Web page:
The need for a thorough, transparent review of the current situation led the coalition of Liberian NGOs that calls for a review of Liberia’s agricultural policy to start a campaign urging oil palm companies to respect human rights, renegotiate their contracts, and protect the livelihoods of the rural poor. “Giving away land for large scale plantations is hailed as promoting the economic recovery of Liberia, but in reality these plantations undermine Liberia’s basic food security and cause poverty when livelihoods are lost. Therefore, allowing them contradicts the Liberian government’s own policies on reducing poverty and preventing hunger,” stressed Silas Kpanan’Ayoung Siakor, campaigner with the Sustainable Development Institute. “Allocating large swathes of fertile agricultural land to foreign companies for several decades will push people further into poverty, as local income generating activities are curtailed and peoples’ earning capacities become limited”, he added.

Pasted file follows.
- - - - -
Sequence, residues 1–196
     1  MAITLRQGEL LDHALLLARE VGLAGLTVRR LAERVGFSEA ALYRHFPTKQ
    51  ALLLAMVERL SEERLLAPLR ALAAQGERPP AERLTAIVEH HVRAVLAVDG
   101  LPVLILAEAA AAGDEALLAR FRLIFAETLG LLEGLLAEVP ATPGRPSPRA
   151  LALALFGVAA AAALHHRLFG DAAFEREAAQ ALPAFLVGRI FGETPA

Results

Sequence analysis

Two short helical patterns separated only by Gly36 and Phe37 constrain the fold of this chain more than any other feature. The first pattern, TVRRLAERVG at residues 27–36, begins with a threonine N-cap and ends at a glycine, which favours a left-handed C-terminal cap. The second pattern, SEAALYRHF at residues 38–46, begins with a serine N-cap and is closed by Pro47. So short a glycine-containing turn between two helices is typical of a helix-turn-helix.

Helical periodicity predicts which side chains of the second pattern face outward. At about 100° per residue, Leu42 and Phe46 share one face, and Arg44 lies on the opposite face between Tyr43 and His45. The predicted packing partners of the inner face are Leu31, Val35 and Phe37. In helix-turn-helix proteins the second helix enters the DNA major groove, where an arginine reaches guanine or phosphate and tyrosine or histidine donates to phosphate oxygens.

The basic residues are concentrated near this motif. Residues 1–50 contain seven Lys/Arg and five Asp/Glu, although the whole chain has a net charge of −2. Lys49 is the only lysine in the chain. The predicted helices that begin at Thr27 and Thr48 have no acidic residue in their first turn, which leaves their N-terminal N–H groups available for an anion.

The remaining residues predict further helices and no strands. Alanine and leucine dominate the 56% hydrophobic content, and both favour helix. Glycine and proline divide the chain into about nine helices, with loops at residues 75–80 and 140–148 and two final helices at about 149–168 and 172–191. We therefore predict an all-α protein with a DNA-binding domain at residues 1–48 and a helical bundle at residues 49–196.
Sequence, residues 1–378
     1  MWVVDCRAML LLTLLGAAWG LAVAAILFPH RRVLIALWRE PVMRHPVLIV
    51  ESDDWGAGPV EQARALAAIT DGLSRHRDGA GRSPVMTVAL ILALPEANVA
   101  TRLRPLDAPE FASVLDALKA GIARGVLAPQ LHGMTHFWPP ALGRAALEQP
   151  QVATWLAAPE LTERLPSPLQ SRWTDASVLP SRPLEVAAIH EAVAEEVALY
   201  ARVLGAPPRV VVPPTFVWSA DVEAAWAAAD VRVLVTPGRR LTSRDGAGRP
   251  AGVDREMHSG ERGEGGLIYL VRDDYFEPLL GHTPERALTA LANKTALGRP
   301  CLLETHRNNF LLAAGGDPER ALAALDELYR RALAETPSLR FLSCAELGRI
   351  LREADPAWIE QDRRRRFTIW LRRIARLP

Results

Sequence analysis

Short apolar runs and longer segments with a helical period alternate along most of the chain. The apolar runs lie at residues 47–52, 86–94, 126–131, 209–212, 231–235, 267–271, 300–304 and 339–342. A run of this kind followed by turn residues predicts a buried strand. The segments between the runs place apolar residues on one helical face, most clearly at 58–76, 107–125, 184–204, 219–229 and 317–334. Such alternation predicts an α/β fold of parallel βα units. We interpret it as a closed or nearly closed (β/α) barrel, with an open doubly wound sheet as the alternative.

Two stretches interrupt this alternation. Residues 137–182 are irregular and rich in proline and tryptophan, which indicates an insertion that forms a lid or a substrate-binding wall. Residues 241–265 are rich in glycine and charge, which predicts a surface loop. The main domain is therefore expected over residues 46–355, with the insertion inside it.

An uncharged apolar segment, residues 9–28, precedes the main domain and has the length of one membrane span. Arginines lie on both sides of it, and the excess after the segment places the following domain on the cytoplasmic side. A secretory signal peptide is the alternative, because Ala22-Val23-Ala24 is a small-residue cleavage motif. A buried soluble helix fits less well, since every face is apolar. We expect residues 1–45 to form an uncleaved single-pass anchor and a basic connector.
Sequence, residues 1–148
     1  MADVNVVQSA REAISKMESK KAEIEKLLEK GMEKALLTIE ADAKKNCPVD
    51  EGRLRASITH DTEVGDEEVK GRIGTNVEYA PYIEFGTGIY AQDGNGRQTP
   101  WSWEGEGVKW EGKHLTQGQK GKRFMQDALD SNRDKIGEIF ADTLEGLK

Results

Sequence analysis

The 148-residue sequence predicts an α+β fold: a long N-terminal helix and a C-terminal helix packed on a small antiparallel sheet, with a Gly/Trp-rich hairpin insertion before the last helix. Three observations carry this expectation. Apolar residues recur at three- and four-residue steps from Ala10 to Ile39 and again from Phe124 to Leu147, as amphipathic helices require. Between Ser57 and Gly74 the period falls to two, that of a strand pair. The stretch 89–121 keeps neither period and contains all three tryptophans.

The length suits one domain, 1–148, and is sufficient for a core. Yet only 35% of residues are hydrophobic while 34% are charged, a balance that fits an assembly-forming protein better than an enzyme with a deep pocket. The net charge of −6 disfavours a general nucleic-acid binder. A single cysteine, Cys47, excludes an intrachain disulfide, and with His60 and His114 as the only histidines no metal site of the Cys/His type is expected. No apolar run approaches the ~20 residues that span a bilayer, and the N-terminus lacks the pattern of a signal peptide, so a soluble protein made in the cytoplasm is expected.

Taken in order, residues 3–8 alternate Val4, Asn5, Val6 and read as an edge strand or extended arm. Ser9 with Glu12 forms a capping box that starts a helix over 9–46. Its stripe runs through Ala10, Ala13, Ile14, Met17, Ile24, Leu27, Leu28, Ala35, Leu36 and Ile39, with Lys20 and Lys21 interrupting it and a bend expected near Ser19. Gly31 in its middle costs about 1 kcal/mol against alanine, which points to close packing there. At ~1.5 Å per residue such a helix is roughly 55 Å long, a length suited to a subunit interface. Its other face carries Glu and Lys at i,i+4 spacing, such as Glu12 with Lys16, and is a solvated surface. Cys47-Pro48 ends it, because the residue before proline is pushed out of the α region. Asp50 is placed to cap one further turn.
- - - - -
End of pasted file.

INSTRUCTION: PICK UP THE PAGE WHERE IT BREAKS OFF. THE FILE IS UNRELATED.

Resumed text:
The civil society organisations are also concerned about large scale conversion of primary and secondary forest to palm oil plantations as Sime Darby expands into Gbarpolu county. They are demanding a halt to any further planting and further deforestation and environmental degradation in any of the concession areas.
“Forests have environmental benefits and provide multiple livelihood sources for the people, which they have now lost. Employment from the plantations is insecure; low- paid and does not contribute to sustaining livelihoods in the long term. Instead, local communities want the Liberian government and the palm oil companies to recognise their ownership of community land”, says SAMFU campaigner Robert Nyahn.